Status of an LLP
A limited liability partnership (LLP) is a relatively new form of body corporate which was introduced by the Limited Liability Partnership Act 2000. An LLP is a hybrid between a limited company and a general (ie traditional) partnership.
An LLP shares the tax treatment and organisational flexibility of a general partnership, but also benefits from limited liability and separate legal personality as if it were a limited company.
A key characteristic of an LLP is that, unlike a traditional partnership, its members benefit from limited liability. This means that the members' liability is generally limited to the amount they have invested or agreed to invest in the LLP. There are limited circumstances in which the members can be held personally liable in relation to an LLPs activities, for example if the members take on commitments or obligations in their own name (thereby assuming personal responsibility), if they have acted fraudulently, or if the 'clawback' provisions apply in the event that the LLP is liquidated.
Separate Legal Personality
Unlike general partnerships, LLPs have a separate legal personality, they can:
- own assets;
- employ people;
- contract with customers and suppliers; and
- create floating charges.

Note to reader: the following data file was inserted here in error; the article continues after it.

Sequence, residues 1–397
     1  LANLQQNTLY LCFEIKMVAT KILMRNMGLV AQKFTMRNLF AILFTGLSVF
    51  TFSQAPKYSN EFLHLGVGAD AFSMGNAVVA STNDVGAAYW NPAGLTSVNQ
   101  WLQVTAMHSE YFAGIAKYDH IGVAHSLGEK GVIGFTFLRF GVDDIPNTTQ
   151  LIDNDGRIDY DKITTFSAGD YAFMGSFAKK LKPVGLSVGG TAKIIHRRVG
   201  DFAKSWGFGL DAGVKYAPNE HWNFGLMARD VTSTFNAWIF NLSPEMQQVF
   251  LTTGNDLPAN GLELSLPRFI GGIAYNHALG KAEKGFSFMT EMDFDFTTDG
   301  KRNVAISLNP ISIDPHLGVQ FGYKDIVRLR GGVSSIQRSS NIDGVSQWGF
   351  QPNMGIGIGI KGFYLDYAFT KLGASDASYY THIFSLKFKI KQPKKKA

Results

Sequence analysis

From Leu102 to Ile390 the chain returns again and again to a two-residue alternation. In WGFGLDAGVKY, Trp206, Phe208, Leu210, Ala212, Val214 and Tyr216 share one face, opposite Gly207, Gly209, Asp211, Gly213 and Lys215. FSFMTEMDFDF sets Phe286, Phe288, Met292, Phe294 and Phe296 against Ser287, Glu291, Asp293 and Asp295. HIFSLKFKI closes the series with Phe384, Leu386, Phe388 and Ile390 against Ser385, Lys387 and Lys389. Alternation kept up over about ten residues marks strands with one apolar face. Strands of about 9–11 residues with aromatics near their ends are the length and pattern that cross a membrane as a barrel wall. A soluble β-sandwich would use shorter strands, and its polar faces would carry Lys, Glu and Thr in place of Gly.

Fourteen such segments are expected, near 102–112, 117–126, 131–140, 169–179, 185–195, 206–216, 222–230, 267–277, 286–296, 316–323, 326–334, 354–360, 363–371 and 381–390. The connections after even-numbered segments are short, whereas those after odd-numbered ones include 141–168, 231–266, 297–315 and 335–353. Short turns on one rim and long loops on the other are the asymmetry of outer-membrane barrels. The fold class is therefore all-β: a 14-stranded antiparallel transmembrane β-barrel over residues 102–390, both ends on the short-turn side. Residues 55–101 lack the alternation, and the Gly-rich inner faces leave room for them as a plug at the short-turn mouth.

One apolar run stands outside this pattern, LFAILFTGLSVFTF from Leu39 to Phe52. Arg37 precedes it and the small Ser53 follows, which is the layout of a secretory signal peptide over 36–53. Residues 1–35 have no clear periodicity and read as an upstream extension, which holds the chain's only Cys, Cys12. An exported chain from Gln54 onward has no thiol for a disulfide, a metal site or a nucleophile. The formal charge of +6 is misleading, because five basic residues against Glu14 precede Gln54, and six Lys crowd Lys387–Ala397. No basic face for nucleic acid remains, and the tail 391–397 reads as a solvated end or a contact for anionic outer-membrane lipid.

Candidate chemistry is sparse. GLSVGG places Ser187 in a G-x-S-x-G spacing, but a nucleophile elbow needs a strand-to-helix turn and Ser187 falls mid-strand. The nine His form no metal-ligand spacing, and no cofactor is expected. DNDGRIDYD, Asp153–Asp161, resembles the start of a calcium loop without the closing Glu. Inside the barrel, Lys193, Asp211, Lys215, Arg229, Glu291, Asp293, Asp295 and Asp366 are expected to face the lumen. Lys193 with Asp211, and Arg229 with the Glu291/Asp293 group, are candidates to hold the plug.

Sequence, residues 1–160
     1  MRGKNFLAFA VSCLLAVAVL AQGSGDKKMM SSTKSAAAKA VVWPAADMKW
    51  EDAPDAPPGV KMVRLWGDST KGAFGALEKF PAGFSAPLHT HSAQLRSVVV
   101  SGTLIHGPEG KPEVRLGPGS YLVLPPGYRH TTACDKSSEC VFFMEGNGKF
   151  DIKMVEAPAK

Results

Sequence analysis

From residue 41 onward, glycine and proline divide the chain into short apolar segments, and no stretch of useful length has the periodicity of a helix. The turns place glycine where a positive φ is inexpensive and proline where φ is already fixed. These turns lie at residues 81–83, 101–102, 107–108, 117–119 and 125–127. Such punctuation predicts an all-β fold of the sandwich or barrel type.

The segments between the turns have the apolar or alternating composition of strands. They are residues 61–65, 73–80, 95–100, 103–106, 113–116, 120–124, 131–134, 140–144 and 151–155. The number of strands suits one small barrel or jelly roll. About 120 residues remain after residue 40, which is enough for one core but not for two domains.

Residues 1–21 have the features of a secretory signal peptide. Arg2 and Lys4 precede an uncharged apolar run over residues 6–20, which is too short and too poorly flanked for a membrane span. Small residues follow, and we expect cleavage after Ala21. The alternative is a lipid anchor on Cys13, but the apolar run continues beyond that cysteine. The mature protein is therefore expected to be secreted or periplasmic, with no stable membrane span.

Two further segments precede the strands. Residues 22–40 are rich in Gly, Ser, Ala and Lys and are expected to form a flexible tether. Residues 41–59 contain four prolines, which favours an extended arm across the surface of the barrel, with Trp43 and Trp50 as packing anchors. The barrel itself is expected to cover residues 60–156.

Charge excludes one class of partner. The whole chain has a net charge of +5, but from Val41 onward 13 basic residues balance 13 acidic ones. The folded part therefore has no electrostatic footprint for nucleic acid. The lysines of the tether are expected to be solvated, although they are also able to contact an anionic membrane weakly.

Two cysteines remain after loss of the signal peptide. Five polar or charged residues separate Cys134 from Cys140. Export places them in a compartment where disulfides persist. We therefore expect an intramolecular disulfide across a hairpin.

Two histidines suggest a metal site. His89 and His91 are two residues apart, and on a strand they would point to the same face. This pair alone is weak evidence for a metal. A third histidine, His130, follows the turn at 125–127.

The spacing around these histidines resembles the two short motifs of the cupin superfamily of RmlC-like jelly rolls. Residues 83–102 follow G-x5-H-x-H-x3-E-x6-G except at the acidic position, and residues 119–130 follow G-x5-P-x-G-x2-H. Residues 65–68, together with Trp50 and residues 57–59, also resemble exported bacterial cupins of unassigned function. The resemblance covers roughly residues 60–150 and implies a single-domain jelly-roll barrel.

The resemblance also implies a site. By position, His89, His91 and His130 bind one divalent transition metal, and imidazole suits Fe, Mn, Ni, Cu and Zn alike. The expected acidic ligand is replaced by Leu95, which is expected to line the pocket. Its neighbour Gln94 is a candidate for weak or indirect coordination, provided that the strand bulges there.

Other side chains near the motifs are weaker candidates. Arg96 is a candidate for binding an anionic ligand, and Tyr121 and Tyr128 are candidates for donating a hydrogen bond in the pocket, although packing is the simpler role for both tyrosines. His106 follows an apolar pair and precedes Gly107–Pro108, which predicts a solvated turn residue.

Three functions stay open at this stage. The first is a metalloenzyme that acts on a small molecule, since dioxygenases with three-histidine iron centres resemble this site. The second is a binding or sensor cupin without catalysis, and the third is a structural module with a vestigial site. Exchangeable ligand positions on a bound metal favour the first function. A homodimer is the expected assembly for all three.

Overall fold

As a result of this separate legal personality changes in the LLP’s membership do not affect its continued existence.
LLPs are 'transparent' for tax purposes. They are taxed in the same way as a general partnership, with each member being assessed on their share of the LLPs income and gains.
Accounts and Filing
An LLP's accounting and filing obligations are similar to those imposed on limited companies.
Who can be a Member?
The members of an LLP can be individuals or corporate bodies (such as companies). The members are the initial subscribers (signatories) to the incorporation document and any subsequently admitted persons. A person cannot be a member if they are bankrupt or have been disqualified from acting as a member or a company director.
Do Limited Liability Partnerships have a minimum or maximum number of Members?
Limited liability partnerships can have an unlimited number of members.
They must have two formally appointed members on incorporation, but will not cease to exist if (for example) one member dies. However, please note that if an LLP carries on business with a single member for more than six months, that single member will become personally liable for the LLP's debts and liabilities.